United States District Court, M.D. Florida, Fort Myers Division
OPINION AND ORDER
E. STEELE UNITED STATES DISTRICT JUDGE
matter comes before the Court on defendant Michael
Perry's Amended Motion to Dismiss Plaintiff's Amended
Complaint (Doc. #29) and defendant City of Fort Myers'
Motion to Dismiss Plaintiff's Amended Complaint (Doc.
#3), both filed on January 4, 2019. In response, plaintiff
filed a Motion to Respond Defendant's Michael Perry
Motion to Dismiss (Doc. #32) on January 8, 2019, and a Motion
to Respond Defendant's City of Fort Myers Motion to
Dismiss (Doc. #33). For the reasons set forth below,
defendant Perry's motion is granted, defendant City of
Fort Myers' motion is denied in part and granted in part,
and plaintiff is granted leave to file an amended complaint.
Federal Rule of Civil Procedure 8(a), a Complaint must
contain a “short and plain statement of the grounds for
the court's jurisdiction”, and a “short and
plain statement of the claim showing that the pleader is
entitled to relief.” Fed.R.Civ.P. 8(a)(1), (2). This
obligation “requires more than labels and conclusions,
and a formulaic recitation of the elements of a cause of
action will not do.” Bell Atl. Corp. v.
Twombly, 550 U.S. 544, 555 (2007) (citation omitted). To
survive dismissal, the factual allegations must be
“plausible” and “must be enough to raise a
right to relief above the speculative level.”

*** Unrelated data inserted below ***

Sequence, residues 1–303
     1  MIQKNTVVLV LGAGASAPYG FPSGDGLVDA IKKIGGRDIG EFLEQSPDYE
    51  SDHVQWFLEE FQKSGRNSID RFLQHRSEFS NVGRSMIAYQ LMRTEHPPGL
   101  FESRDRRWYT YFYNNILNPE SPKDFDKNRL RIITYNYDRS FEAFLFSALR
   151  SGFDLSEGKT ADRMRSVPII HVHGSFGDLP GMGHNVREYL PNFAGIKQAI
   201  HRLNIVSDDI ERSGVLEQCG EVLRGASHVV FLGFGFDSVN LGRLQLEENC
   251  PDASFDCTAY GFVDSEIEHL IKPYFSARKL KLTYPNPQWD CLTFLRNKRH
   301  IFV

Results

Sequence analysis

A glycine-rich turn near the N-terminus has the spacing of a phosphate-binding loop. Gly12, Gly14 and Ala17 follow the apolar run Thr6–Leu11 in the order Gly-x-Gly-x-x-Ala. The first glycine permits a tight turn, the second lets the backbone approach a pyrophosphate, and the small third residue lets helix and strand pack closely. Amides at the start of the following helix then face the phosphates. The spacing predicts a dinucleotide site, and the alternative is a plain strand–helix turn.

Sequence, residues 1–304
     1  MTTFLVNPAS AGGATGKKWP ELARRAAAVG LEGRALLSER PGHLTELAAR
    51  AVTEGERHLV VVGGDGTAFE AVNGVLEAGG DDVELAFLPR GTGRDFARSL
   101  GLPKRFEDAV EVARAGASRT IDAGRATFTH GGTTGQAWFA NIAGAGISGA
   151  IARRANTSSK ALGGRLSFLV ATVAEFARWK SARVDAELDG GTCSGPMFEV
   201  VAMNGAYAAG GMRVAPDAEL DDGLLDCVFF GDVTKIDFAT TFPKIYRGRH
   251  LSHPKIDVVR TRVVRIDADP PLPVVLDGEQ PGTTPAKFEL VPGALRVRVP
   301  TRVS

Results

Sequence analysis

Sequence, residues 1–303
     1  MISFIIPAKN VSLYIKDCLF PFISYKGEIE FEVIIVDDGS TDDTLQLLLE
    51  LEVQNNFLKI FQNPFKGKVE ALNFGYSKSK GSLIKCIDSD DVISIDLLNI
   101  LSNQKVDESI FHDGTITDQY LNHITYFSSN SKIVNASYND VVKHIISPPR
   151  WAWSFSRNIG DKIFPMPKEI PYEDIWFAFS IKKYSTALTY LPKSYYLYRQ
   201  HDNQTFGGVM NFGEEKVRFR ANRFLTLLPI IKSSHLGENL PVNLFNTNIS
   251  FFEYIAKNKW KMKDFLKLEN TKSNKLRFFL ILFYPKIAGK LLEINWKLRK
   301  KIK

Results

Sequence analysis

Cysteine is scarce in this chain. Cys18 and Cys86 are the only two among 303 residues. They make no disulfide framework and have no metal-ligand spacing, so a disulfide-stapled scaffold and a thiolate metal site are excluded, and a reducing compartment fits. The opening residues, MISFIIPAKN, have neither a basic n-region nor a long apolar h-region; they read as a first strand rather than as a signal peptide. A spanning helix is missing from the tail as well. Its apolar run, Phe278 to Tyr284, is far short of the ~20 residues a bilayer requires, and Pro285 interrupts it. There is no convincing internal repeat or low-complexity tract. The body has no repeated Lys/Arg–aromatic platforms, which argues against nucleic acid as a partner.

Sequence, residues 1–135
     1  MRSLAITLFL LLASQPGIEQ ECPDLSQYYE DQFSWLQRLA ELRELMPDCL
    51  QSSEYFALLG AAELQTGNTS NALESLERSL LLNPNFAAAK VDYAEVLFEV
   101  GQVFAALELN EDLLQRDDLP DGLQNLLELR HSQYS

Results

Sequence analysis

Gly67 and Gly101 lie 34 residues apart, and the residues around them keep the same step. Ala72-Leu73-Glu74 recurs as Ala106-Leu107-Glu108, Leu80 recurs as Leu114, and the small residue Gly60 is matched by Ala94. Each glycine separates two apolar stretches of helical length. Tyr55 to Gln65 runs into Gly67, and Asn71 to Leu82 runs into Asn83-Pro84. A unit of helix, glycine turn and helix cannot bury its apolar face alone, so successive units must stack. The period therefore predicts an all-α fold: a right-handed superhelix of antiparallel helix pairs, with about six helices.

Id. at 555. See also Edwards v. Prime Inc.,
602 F.3d 1276, 1291 (11th Cir. 2010). This requires
“more than an unadorned,
Ashcroft v. Iqbal, 556 U.S. 662, 678 (2009)
deciding a Rule 12(b)(6) motion to dismiss, the Court must
accept all factual allegations in a complaint as true and
take them in the light most favorable to plaintiff,
Erickson v. Pardus, 551 U.S. 89 (2007), but
“[l]egal conclusions without adequate factual support
are entitled to no assumption of truth, ” Mamani v.
Berzain, 654 F.3d 1148, 1153 (11th Cir. 2011) (citations
omitted). “Threadbare recitals of the elements of a
cause of action, supported by mere conclusory statements, do
not suffice.” Iqbal, 556 U.S. at 678.
“Factual allegations that are merely consistent with a
defendant's liability fall short of being facially
plausible.” Chaparro v. Carnival Corp., 693
F.3d 1333, 1337 (11th Cir. 2012) (citations omitted). Thus,
the Court engages in a two- step approach: “When there
are well-pleaded factual allegations, a court should assume
their veracity and then determine whether they plausibly give
rise to an entitlement to relief.” Iqbal, 556
U.S. at 679.
pleading drafted by a party proceeding unrepresented (pro
se) is held to a less stringent standard than one
drafted by an attorney, and the Court will construe the
documents filed as a complaint and amended complaint
liberally. Jones v. Fla. Parole Comm'n, 787 F.3d
1105, 1107 (11th Cir. 2015).
Amended Complaint (Doc. #15), plaintiff Mamberto Real (Real
or plaintiff) alleges that on or about Christmas Day 2016, he
lost his apartment because he lost his job. Plaintiff became
homeless, and was living in his car before being admitted at
Shelter Bob James Triage. Plaintiff was discharged from the
shelter on February 10, 2017, but remained in the
shelter's parking lot sleeping in his car at night.